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August 6 - 

The voyage across has been uneventful except for Bill's continued ill health. We had one day of rough weather, and many days of a heavy swell that kept the West Irmo rocking from side to side in a tiresome way. Everybody blamed it on the way the ship was loaded, with a great deal of manganese ore in the bottom. It should have been counter-balanced by the heavy mahogany logs on deck, but apparently wasn't. Pickles, sauce and jam slid regularly from the center of the dining table into our laps. The food has been nothing to brag about; the bread tastes of slightly moldy flour; the butter is a little rancid; the meat is stale and tough; the only fresh vegetables are potatoes and onions, and canned vegetables are running low; for the last three days there have been no eggs for breakfast; one's choice of vegetables for lunch or dinner is usually "potatoes, beans or spaghetti".

The Murdochs have been swell company, and Mr. Havey and Gus Gustafson have kept us well amused with their comments on life on the West Coast. Everybody is anxious to get home, and the high point of the day comes shortly after twelve noon when Smitty comes and posts the day's run - average, two hundred miles.

The colored passengers have kept pretty much to themselves, except Jo Walker, who is a very nice, well-brought-up, well educated boy, with a good sense of humor. The Reverends are chiefly noted for their enormous appetities; Rev. Peacock eats cake all through dinner, with salad, meat and dessert; Rev. Ricks gets up at 2 in the morning and eats sandwiches in the dining room in solitary gourmandcy.

Bill had no complaint against the food until after we left Dakar. Then he had a spell of dysentery, which he dosed with yatren, and has felt badly after since, with very little appetite and for the last three days considerable nausea. This morning he woke up with a violent pain his stomach, and we spent a worried and anxious day. About noon I asked the Captain what chance there was of getting a doctor out to the ship when we enter quarantine tonight, and he said it would be too late, and it meant too much red tape to get ahold of the proper authorities. Bill grew steadily worse all day however, and finally, when the pilot came aboard at nine o'clock, a letter was sent over to the pilot ship asking them to get word ashore. It was an hour and a half from there to quarantine, and when we dropped anchor we watched the shore anxiously for signs of a lunch coming out to the ship. A little after eleven we saw lights coming out toward us; as the launch grew closer the Fourth Officer haled it "Is that that doctor?" and the comforting reply came back that it was. He was the quarantine doctor, and he bundled Bill off in a Coast Guard Cutter to the Marine Hospital.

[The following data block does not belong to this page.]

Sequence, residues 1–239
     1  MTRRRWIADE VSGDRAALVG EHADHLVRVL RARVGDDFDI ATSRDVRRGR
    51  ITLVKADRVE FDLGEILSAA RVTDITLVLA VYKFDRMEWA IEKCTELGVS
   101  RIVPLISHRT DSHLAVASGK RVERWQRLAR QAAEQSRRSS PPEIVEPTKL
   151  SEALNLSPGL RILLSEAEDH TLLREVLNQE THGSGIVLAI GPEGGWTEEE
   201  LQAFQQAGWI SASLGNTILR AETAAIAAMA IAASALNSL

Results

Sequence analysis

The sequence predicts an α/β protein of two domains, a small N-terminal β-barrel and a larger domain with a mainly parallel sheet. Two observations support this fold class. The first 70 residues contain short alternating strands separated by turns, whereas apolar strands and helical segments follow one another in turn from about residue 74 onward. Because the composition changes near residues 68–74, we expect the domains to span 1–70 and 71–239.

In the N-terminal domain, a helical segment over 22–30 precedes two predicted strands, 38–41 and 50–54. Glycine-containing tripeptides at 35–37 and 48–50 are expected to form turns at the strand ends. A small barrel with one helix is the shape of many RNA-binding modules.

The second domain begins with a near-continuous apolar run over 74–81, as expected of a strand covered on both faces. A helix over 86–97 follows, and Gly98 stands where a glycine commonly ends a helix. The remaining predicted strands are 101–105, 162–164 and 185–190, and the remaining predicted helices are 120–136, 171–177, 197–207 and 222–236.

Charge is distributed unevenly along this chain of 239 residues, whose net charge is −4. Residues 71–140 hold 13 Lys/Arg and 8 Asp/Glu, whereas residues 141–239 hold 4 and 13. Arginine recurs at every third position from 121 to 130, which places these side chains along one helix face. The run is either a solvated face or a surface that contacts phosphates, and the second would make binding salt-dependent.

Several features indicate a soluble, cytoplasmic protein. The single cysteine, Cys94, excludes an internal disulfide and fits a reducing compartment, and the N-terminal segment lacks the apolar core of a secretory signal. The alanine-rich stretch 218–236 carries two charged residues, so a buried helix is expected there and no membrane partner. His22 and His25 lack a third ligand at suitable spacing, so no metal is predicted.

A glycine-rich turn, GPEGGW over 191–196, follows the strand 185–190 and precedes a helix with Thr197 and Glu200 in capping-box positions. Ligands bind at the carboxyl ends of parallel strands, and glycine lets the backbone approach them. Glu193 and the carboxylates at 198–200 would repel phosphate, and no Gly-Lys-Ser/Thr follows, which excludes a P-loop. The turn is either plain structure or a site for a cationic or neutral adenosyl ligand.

August 7 -

We docked at eight this morning, and never has the United States looked quite so good, so comforting and safe as it did today. The Davis and Shippens were on the dock, and as soon as they were within speaking distance they called up "Where's Doc?" I shouted back that he had gone ashore, which puzzled them considerably. Not until they were on board did I tell them that Bill was
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